Maine Governor Announces 20 LMF Conservation Projects

Governor Mills Announces 20 New Land for Maine’s Future Conservation Projects

Augusta, ME (STL.NewsGovernor Janet Mills announced 20 new Land for Maine’s Future (LMF) conservation projects across Maine that conserve lands and preserve public access to lakes, rivers, scenic views, and mountain vistas for Maine people.

With the selection of these projects, the Land for Maine’s Future Board has now approved a total of 25 new projects in the last year since Governor Mills and the Legislature reinvigorated the program with $40 million in new State funding through the biennial budget.  Additional projects focused on conserving working lands are expected to receive funding later this year.

Of the 20 projects announced today, one-third of the applications came from municipalities – including Fryeburg, North Berwick, Owls Head, Portland, Searsmont, and Windham – for the conservation of recreation areas.  Four projects – in Ellsworth, Fryeburg, Machiasport, and Oxford – are located adjacent to or near public schools, delivering opportunities for nature-based learning and outdoor recreation.  These LMF projects are expected to leverage more than $8 million in matching Federal funds.

“Maine people value the outdoors, and each of these projects represents an exceptional opportunity for us to get outdoors and to protect public access for the enjoyment of generations to come,” said Governor Janet Mills.  “I am proud that the State of Maine, thanks to my Administration and the Legislature, is once again partnering with towns across Maine to preserve our cherished lands and waters for Maine people.”

The 20 projects, which total $5.06 million and are often matched with private and municipal funding, are:

  • East Windham Conservation Project:  This 661-acre parcel in Windham in Cumberland County is a fee acquisition by the Town of Windham, supporting vital ecological functions, providing water access, and including scenic views of distant mountains in Maine’s most important densely populated region.
  • Jockey Cap:  This 15.6-acre parcel in Fryeburg in Oxford County is a fee acquisition by the Town of Fryeburg supporting low-impact recreational opportunities in the heart of downtown with panoramic views from the top of the dome.
  • North Deering Conservation & Recreation Land:  This 16-acre parcel in Portland in Cumberland County is a fee acquisition by the City of Portland, featuring urban open space and an existing informal urban trail network.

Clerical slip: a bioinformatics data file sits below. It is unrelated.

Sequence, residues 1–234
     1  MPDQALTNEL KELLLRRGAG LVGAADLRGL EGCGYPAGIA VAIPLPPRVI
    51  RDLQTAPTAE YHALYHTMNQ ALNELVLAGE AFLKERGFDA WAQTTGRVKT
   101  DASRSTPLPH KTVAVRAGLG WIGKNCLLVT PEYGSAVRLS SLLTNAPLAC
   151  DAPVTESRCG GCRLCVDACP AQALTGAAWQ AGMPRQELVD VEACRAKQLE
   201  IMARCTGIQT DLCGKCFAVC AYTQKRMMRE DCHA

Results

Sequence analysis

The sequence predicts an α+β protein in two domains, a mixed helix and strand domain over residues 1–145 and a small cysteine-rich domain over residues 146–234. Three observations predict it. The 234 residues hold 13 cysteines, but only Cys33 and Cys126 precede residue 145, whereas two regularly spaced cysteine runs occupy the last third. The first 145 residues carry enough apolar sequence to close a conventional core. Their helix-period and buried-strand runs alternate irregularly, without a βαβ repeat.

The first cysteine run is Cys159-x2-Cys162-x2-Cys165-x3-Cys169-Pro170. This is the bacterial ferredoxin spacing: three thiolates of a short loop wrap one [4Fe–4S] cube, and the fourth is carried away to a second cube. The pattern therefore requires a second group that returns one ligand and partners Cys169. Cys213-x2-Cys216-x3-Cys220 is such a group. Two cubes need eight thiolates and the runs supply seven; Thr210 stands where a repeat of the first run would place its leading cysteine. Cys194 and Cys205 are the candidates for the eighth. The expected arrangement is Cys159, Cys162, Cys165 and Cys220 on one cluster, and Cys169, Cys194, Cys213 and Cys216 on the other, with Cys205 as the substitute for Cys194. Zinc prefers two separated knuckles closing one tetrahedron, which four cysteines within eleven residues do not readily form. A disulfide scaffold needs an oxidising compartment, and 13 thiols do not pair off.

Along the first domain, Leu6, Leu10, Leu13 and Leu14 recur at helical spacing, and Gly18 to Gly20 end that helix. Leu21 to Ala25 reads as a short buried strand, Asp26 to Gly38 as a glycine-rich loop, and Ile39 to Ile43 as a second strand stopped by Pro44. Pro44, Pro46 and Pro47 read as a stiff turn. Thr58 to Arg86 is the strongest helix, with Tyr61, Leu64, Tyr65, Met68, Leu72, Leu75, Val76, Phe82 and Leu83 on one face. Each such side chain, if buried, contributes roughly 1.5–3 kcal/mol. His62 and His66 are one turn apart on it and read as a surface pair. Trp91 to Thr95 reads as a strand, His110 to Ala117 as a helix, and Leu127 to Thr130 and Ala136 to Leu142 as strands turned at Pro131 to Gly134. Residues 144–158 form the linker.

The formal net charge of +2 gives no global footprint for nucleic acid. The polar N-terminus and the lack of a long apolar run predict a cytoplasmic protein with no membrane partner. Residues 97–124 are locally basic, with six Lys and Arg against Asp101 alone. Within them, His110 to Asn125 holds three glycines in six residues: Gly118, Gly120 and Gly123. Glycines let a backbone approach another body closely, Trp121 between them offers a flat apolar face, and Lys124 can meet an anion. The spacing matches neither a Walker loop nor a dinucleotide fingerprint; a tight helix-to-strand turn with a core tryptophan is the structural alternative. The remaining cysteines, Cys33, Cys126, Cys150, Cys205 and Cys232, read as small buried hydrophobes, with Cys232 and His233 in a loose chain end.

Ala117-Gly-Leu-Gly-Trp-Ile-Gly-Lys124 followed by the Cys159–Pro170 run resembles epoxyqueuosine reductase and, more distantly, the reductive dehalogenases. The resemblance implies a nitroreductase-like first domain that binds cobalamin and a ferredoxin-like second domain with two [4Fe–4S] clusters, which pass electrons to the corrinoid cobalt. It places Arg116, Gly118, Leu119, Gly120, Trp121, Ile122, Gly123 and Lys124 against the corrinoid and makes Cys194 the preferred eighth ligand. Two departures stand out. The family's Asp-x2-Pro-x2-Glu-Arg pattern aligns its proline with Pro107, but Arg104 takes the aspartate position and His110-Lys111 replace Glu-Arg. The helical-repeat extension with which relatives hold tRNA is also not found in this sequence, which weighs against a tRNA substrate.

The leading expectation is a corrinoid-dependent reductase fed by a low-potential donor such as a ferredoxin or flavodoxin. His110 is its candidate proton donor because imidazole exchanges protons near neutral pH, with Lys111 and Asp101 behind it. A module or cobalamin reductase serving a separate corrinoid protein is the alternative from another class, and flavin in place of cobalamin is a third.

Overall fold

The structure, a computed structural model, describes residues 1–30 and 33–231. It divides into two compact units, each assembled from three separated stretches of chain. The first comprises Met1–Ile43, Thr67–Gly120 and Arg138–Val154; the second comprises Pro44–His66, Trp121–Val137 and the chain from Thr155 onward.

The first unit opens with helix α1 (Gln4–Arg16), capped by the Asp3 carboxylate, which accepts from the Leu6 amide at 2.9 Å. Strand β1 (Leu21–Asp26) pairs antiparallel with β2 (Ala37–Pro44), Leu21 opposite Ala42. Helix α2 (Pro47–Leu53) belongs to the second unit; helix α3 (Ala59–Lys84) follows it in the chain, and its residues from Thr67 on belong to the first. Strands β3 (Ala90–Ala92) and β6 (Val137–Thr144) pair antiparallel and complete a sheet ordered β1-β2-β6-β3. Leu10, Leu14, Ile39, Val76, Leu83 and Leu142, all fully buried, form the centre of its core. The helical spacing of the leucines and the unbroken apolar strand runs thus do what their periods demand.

• Talking Brook Public Lands:  This 156-acre parcel in New Gloucester in Cumberland County is a fee acquisition by the Bureau of Parks and Lands featuring an existing trail system between Portland and Lewiston/Auburn and will be combined with a separate 37-acre property to form the new Talking Brook Public Land Unit.
  • Plaisted Preserve Expansion:  This 7.14-acre parcel in Owls Head in Knox County is a fee acquisition by the Town of Owls Head to expand Plaisted Preserve and the existing trail system within a quarter-mile of the Owls Head village center.
  • McLellan Property:  This 63.9-acre parcel in Searsmont in Waldo County is a fee acquisition by the Town of Searsmont, creating trails and water access in the Searsmont village adjacent to municipal buildings and includes approximately 1,200 feet of Georges River frontage.
  • Staples Woodlands:  This 83.5-acre parcel in Oxford in Oxford County is a fee acquisition by the Western Foothills Land Trust located near schools and downtown Oxford and includes approximately 1,140 feet of river frontage, an important snowmobile trail juncture, and trails for hiking, snowshoeing, horseback riding, and cross-country skiing.
  • Whitney Forest:  This 370-acre parcel in Ellsworth in Hancock County is a fee acquisition by Frenchman Bay Conservancy, featuring a trail network adjacent to Ellsworth High School and an existing bike trail.
  • Bittner:  This 165-acre in West Bath in Sagadahoc County is a fee acquisition by Kennebec Estuary Land Trust, featuring a network of multi-use trails and a large forest and wetland habitat block.
  • Camp Gustin:  This 95-acre parcel in Sabattus in Androscoggin County is a fee acquisition by Androscoggin Land Trust, featuring primitive camping and other low impact recreation opportunities as well as shoreline and wetland habitat abutting existing conservation land.
  • Johnson Brook-Sisk:  This 56-acre parcel in Kittery in York County is a fee acquisition by Kittery Land Trust that expands the Mt. Agamenticus to the Sea initiative and protects wetland and forested wildlife habitats.